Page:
A short list of what’s wrong with laws requiring mandatory minimum jail sentences for nonviolent drug offenders would include the following:
They are harshly unfair, sweeping up and incarcerating a disproportionate number of minority offenders; they don’t work, even a bit, in deterring drug use; they cost an astronomical amount of money; and they tie the hands of judges, keeping them from using their discretion, from basing a sentence on the particulars of the case before them.
Thankfully, there’s been a growing awareness, at least in recent years, that the sentencing requirements, while perhaps well-intentioned when adopted, proved in practice to be an absolute nightmare.
Congress made a significant step in 2010 when it voted to reduce the ridiculous disparity in sentences handed out for possession of crack cocaine vs. the drug in its powder form.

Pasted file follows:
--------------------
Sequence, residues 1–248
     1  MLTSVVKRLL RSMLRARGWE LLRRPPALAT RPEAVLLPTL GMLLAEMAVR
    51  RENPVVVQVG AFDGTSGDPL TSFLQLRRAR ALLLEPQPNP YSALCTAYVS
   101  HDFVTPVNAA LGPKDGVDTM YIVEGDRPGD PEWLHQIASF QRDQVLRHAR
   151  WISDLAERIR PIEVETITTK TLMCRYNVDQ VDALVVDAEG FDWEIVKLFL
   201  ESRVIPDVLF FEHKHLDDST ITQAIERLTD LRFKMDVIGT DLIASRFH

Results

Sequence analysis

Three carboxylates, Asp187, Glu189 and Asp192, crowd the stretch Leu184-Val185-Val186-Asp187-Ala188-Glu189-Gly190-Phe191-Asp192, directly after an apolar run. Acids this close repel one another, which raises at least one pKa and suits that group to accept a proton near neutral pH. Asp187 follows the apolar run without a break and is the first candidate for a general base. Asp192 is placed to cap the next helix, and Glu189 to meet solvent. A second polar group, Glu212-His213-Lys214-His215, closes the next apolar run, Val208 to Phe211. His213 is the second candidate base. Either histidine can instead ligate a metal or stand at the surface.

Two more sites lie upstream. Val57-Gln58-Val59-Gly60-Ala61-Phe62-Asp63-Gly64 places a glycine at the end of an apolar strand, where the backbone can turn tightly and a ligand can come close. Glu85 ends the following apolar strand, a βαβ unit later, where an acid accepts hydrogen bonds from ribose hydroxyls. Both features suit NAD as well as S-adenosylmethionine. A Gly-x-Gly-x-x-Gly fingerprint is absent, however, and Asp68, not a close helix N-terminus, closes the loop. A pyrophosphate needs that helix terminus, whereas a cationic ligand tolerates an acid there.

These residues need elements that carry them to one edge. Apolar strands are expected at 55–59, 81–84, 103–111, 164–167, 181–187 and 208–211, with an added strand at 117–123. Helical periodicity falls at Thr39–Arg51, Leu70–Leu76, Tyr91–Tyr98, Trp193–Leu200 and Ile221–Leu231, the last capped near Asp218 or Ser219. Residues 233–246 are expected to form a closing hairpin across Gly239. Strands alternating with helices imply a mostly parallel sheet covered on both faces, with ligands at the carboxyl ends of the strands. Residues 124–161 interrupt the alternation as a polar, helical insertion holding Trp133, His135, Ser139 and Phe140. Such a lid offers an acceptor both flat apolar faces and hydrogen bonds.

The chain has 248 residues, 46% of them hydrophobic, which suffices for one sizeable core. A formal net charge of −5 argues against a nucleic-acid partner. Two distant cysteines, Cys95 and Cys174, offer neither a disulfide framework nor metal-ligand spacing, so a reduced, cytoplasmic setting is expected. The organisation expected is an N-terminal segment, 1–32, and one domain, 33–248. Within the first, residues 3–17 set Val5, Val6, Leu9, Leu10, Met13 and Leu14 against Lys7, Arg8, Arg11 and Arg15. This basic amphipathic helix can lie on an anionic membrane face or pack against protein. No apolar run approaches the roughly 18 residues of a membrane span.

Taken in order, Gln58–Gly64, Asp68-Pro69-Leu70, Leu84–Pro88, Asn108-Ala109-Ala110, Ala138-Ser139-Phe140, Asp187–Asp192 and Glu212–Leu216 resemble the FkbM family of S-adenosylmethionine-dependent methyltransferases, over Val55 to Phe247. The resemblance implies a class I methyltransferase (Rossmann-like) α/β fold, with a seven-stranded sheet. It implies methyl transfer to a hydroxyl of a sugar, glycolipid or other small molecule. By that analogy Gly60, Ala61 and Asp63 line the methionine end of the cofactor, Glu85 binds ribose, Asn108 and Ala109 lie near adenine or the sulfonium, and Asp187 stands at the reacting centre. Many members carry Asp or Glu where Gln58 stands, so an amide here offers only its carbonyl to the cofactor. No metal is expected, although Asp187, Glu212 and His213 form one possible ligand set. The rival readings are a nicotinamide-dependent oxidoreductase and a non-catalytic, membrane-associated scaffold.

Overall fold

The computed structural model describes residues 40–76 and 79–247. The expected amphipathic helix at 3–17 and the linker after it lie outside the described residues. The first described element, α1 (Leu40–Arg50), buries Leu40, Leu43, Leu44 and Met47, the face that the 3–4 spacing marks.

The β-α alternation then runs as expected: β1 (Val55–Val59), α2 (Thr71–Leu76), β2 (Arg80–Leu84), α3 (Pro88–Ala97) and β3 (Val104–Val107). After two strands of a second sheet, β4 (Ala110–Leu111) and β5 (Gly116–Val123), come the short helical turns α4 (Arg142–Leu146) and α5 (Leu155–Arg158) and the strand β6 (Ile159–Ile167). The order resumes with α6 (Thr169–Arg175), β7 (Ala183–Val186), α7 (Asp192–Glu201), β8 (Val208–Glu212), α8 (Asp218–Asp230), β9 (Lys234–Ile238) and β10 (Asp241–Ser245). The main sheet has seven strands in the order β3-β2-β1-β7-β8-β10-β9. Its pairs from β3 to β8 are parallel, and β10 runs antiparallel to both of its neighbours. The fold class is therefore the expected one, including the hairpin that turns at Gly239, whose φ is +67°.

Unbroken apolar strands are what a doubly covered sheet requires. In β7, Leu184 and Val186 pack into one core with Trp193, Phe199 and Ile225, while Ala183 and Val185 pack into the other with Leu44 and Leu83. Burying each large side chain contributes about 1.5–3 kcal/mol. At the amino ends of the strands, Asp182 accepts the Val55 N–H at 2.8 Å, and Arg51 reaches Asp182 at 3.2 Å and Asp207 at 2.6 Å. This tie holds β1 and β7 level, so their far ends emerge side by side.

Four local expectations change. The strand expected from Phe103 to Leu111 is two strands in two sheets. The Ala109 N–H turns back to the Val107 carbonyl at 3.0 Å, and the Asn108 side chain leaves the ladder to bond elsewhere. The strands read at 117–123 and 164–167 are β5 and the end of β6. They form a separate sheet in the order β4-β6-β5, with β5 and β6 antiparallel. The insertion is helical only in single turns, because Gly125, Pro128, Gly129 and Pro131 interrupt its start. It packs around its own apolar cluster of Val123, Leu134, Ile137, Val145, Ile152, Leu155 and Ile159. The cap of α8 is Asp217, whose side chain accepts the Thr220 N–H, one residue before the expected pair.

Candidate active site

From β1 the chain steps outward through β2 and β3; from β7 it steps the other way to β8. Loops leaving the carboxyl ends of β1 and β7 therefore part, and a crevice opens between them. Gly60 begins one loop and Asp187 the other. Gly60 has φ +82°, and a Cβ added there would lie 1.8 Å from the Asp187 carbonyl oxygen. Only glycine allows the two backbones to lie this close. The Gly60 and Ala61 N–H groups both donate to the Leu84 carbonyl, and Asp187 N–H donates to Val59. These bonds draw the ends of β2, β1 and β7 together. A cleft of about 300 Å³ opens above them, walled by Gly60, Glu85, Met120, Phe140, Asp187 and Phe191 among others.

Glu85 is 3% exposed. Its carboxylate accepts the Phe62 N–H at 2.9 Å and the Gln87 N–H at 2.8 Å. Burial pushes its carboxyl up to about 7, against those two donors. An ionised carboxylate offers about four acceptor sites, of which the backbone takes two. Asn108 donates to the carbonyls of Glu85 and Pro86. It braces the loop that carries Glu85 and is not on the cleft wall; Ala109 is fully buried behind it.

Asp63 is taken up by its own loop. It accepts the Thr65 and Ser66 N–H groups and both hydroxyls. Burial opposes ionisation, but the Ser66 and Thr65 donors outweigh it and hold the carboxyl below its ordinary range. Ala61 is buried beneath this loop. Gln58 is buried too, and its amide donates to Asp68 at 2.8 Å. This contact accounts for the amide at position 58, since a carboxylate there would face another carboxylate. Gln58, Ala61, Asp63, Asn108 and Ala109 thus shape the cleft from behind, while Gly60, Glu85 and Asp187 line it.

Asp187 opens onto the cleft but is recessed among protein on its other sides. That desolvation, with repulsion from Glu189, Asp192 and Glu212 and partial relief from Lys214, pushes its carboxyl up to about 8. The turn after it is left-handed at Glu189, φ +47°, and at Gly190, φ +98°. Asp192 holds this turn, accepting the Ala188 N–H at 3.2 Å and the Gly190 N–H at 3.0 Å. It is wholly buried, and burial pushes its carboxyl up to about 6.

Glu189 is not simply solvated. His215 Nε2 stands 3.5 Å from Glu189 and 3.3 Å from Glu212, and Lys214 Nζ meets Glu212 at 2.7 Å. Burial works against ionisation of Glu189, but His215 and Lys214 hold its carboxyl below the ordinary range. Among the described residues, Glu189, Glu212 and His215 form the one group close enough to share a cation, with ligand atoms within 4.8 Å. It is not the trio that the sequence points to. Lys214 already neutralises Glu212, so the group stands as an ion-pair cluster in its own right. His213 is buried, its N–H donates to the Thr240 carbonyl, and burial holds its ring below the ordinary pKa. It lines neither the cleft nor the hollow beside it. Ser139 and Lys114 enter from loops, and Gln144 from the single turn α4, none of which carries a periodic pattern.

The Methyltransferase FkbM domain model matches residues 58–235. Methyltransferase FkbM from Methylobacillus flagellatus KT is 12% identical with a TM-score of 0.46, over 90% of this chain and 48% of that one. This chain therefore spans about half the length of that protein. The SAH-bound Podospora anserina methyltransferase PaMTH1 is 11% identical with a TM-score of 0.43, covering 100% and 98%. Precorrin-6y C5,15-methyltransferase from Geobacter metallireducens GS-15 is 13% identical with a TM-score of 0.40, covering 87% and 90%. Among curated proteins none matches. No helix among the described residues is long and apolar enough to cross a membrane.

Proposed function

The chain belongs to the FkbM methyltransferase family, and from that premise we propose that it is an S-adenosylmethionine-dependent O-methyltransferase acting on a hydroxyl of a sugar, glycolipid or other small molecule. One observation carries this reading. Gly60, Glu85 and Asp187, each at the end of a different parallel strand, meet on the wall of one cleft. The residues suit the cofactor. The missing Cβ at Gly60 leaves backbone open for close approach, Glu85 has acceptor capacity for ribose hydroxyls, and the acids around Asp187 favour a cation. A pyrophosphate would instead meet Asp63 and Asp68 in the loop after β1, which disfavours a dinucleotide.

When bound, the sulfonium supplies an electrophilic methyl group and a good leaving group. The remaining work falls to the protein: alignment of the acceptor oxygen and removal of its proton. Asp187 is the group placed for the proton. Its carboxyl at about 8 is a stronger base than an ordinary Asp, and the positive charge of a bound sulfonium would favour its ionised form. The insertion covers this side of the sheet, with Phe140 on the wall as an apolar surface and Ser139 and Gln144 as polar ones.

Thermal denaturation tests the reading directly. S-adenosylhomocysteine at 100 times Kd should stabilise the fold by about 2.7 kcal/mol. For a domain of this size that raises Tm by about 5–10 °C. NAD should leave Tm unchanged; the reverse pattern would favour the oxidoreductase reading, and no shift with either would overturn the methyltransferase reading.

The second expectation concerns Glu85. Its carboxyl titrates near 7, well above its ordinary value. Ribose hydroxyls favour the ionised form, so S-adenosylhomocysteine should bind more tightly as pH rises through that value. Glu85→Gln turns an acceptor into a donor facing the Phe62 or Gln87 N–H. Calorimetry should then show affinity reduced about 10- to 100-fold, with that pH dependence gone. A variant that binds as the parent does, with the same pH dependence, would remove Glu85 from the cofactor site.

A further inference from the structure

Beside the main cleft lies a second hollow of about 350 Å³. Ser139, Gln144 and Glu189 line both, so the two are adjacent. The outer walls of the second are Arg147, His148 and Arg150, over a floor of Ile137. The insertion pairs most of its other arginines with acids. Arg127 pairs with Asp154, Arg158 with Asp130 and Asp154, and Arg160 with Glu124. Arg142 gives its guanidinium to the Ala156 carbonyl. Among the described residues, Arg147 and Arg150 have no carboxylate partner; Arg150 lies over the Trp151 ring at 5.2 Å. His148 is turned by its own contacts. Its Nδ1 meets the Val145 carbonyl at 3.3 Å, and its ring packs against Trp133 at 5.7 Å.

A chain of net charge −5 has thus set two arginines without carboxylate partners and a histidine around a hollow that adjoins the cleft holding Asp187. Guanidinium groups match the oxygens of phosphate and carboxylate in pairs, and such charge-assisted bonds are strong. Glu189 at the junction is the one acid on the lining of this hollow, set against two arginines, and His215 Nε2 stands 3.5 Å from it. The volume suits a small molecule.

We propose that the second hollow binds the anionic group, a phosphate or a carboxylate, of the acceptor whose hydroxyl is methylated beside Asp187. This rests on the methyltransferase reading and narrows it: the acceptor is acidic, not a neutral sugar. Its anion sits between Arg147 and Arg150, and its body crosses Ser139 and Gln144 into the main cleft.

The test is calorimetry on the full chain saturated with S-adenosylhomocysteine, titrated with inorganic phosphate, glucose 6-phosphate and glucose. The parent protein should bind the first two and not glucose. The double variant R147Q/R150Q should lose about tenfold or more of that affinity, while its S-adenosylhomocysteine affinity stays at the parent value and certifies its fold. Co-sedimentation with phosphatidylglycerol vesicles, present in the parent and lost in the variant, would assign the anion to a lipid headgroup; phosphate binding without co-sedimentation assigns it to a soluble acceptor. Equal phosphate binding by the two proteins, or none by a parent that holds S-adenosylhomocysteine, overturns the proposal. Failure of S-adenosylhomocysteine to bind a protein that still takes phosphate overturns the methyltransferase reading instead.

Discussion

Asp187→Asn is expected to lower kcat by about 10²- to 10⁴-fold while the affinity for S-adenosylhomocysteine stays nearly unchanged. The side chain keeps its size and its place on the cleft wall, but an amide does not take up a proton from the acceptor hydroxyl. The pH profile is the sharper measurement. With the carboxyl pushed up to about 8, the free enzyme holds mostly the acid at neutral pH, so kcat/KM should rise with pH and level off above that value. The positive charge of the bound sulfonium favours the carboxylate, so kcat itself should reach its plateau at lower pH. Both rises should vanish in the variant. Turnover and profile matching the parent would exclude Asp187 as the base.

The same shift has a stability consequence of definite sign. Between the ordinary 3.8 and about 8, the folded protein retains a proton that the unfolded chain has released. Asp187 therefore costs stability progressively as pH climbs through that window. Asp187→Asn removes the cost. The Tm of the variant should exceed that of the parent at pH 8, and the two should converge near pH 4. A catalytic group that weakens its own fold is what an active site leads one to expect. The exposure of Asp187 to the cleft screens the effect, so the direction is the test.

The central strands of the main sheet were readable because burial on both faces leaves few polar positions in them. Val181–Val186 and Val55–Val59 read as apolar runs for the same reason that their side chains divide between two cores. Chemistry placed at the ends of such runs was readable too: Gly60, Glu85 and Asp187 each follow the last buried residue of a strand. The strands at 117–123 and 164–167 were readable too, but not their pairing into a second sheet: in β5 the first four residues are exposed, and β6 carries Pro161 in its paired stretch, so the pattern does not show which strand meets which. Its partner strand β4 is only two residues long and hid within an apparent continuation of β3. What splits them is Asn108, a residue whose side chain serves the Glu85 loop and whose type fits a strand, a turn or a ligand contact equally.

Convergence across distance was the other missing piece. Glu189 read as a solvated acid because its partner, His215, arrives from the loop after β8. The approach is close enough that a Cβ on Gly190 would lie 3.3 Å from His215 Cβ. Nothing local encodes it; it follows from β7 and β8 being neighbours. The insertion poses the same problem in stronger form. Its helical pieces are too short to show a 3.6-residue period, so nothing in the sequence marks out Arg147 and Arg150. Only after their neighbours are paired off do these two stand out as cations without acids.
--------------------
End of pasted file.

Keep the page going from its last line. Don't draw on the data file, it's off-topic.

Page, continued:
Now, Attorney General Eric Holder wants to take the next logical step. He’s moving to see that those sentenced under the old laws can have their jail time reduced.
And he’s found some allies in a most-unlikely place: the Republican Party.
Yes, libertarian-leaning members of the GOP see the wisdom of Holder’s move — and the foolishness of maintaining the status quo.
Those who tend to see the glass as half-full, who prefer to look on the bright side, might hope that this most-unlikely alliance is sign of greater things still to come. If Holder and some in the GOP can see eye-to-eye on this one, might there be additional untilled common ground?
We’d like to think so, would like at least to hope so.
— The Republican of Springfield, Mass.
Former Internal Revenue Service official Lois Lerner recently cited her Fifth Amendment protection against incrimination in refusing for the second time to testify before Congress about what role she played in the IRS’s targeting of certain groups, particularly conservative ones, before the 2012 election.